How concrete's played a role in human development

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The Guardian
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There was an inevitability about this rise of concrete. Across the world, concrete has become a sign of development. In theory, the worthy goal of human progress is measured by a series of economic and social signs, such as life-expectancy (how long people will live), infant mortality (how many children under the age of two die) and education levels. But to political leaders, by far the most important measurement is gross domestic product, a measure of economic activity that, more often than not, is treated as a calculation of economic size. GDP is how governments assess their weight in the world. And nothing bulks up a country like concrete.

That is true of all countries at some stage. During their early stages of development, heavyweight construction projects are a good thing like a boxer putting on muscle. But for already mature economies, it is harmful like an aged athlete pumping ever stronger steroids to ever less effect. During the 1997-98 Asian financial crisis, Keynesian economic advisers told the Japanese government the best way to stimulate GDP growth was to dig a hole in the ground and fill it. Preferably with cement. The bigger the hole, the better. This meant profits and jobs.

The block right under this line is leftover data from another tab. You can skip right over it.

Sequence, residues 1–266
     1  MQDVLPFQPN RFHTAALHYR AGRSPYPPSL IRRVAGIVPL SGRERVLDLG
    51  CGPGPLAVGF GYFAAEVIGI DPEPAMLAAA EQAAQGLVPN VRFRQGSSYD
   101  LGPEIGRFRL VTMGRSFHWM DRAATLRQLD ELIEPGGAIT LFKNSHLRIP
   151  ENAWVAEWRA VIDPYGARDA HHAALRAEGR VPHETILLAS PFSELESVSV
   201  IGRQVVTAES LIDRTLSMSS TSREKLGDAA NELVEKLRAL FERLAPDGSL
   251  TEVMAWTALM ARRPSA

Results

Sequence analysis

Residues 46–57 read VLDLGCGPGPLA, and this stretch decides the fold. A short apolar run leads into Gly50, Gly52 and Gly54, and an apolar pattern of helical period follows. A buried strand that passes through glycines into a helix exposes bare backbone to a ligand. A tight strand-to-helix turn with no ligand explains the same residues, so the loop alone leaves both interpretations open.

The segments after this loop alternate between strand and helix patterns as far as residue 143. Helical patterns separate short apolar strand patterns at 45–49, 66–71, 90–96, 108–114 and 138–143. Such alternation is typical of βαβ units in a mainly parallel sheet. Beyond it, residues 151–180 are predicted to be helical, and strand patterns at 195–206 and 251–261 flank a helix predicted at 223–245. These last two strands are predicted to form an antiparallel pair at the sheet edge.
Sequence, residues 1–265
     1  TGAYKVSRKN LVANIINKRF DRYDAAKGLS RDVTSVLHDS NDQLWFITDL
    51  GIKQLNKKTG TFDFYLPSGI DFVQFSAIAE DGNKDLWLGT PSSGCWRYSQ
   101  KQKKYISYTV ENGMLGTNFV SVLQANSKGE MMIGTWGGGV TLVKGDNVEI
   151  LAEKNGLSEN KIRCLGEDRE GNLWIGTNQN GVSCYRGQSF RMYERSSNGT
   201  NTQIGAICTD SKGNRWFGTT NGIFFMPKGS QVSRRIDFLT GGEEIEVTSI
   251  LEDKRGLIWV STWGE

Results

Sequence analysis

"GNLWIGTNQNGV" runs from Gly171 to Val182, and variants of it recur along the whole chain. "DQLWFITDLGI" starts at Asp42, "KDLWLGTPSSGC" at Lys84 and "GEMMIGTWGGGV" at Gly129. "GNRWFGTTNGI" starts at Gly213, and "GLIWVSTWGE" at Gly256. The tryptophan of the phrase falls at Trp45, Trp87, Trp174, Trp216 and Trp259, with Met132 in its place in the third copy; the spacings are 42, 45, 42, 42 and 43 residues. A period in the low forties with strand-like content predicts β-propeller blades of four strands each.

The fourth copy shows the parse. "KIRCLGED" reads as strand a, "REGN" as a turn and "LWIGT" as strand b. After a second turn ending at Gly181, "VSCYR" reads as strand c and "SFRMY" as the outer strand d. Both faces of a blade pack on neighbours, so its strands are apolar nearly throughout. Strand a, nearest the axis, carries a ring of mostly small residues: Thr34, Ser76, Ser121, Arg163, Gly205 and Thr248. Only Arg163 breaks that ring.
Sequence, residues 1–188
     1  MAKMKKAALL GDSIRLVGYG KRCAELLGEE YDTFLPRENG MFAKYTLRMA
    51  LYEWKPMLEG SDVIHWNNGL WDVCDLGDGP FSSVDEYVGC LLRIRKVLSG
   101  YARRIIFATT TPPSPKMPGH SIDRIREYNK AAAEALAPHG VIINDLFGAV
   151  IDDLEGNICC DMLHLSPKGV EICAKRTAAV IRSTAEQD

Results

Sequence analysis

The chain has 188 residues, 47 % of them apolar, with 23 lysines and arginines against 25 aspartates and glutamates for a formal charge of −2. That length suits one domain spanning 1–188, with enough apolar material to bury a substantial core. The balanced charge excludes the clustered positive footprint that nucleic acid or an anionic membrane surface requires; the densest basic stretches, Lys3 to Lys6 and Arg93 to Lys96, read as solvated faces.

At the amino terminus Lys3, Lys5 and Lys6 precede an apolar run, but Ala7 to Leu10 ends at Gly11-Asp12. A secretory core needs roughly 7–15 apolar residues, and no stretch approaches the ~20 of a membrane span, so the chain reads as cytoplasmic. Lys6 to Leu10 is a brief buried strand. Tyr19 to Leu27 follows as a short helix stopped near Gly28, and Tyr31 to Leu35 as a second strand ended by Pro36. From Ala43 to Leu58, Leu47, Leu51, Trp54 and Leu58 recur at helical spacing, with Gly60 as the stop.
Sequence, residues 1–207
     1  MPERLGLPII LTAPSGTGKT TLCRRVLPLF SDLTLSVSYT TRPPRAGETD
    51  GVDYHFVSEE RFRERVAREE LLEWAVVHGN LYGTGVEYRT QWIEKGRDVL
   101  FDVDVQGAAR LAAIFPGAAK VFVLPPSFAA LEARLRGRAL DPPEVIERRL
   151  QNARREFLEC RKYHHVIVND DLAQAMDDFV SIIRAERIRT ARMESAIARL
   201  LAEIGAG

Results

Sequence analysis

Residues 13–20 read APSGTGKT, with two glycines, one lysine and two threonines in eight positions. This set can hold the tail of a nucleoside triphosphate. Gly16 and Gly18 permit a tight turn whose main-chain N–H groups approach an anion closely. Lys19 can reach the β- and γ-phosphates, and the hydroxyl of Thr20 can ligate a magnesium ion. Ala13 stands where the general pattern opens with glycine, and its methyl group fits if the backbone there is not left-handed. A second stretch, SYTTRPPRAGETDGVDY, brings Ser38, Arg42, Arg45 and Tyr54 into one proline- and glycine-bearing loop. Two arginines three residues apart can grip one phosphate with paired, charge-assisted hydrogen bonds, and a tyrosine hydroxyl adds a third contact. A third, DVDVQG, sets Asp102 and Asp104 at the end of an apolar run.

Concrete 2: Why it seems impossible to conquer

Of course, it is much easier to mobilise a nation to do something that improves people’s lives, but either way concrete is likely to be part of the arrangement. This was the thinking behind Roosevelt’s New Deal in the 1930s, which is celebrated in the US as a recession-busting national project but might also be described as the biggest ever concrete-pouring exercise up until that point. The Hoover Dam alone required 3.3 million cubic metres, then a world record. Construction firms claimed it would outlast human civilisation.

The Hoover Dam was built to outlast humanity. Maybe it will.

But that was lightweight compared to what is now happening in China, the concrete superpower of the 21st century and the greatest illustration of how the material transforms a culture (a civilisation intertwined with nature) into an economy (a production unit obsessed by GDP statistics). Beijing’s extraordinarily rapid rise from developing nation to superpower-in-waiting has required mountains of cement, beaches of sand and lakes of water. The speed at which these materials are being mixed is perhaps the most astonishing statistic of the modern age: since 2003, China has poured more cement every three years than the US managed in the entire 20th century.

Today, China uses almost half the world’s concrete. The property sector – roads, bridges, railways, urban development and other cement-and-steel projects – accounted for a third of its economy’s expansion in 2017. Every major city has a floor-sized scale model of urban development plans that has to be constantly updated as small white plastic models are turned into mega-malls, housing complexes and concrete towers.